Iran's Negotiating Strategy

Discussion in 'Politics' started by AAAintheBeltway, Jun 1, 2006.

  1. The standoff with Iran over nuclear reprocessing is turning into a graduate level seminar on high stakes negotiating techniques. Yesterday's offer by the US to meet with Iran carried a precondition, namely that Iran halt reprocessing during the negotiations. Normally, preconditions are not accepted by experienced negotiators, as they are a technique to get you to give away your position before you even sit down at the table. Clearly, the Iranians viewed this offer as such, and they also clearly don't believe the US is in a position to be issuing ultimatums, bogged down as we are in Iraq and Afghanistan.

    It would not surprise me however if, upon reflection, the Iranians do accept the US offer, perhaps with preconditions of their own. The US requirement for Iran to halt reprocessing is not unreasonable, as it seeks to freeze the status quo pending the negotiations. Otherwise, Iran would have a strong incentive to play the US just as it did the Europeans. A reasonable counter-proposal would be to agree to a one or two year freeze, ie until Bush is such a lame duck that US military action would be unthinkable. If a Democrat is elected, they can start reprocessing with the knowledge that nothing will be done to stop them, plus the administration would lean on Israel to do nothing. And they can continue secret work in the interim, just as the North Koreans did.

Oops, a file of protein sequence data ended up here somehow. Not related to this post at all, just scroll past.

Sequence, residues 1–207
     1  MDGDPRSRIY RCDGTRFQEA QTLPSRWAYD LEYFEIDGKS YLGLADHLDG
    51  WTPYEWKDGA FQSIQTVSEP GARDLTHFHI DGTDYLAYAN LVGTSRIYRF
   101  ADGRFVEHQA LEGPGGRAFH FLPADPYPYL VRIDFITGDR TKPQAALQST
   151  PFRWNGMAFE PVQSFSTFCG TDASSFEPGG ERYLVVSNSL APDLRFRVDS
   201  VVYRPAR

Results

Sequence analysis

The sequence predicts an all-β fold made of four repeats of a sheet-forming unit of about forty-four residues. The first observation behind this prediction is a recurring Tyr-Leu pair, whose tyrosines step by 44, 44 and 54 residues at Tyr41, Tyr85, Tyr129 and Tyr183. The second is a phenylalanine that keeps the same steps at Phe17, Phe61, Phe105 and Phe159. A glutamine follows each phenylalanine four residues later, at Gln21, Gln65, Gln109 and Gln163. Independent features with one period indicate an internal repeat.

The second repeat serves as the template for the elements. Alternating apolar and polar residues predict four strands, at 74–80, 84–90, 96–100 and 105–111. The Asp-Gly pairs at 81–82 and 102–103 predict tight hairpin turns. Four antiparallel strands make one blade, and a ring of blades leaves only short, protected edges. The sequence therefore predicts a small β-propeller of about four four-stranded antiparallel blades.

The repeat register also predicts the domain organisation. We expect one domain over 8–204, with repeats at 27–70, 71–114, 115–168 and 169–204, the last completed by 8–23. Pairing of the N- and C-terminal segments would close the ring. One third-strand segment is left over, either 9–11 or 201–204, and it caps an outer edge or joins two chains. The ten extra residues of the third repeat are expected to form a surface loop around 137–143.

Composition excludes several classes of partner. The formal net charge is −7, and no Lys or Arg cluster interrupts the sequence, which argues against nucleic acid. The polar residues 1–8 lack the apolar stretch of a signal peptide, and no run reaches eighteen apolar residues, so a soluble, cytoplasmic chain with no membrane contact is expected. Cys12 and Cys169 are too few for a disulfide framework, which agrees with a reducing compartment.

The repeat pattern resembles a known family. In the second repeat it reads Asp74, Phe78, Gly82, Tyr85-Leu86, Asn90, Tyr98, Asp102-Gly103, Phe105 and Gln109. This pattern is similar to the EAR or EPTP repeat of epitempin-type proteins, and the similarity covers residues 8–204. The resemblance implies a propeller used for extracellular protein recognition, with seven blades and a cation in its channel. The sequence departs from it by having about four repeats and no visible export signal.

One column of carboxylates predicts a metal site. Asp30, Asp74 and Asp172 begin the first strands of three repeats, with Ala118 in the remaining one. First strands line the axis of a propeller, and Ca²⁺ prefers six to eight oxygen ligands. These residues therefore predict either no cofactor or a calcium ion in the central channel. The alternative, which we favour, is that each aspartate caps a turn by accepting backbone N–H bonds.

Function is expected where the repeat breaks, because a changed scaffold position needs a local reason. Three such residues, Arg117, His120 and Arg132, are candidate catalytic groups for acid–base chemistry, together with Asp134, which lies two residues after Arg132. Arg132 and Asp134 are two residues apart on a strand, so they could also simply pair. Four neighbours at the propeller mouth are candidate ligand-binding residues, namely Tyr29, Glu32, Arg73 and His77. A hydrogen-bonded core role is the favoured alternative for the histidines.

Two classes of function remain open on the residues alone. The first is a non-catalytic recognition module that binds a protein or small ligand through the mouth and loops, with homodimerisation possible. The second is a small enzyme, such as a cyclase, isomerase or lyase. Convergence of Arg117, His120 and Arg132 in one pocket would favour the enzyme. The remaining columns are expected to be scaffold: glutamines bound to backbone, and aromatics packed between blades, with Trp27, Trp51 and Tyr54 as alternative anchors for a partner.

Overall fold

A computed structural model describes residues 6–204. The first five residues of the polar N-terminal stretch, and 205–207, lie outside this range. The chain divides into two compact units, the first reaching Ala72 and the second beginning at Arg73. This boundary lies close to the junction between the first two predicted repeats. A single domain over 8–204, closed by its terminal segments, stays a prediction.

To adopt a hard line now is unnecessarily risky for Iran. Bush could well order a missile attack or greenlight an Israeli attack. UN condemnation is theoretically possible, and the europeans might be coerced into some limited sanctions. Iran also has to worry that Bush might try a wag-the-dog strategy to solidify and rally the red state voters before the upcoming elections.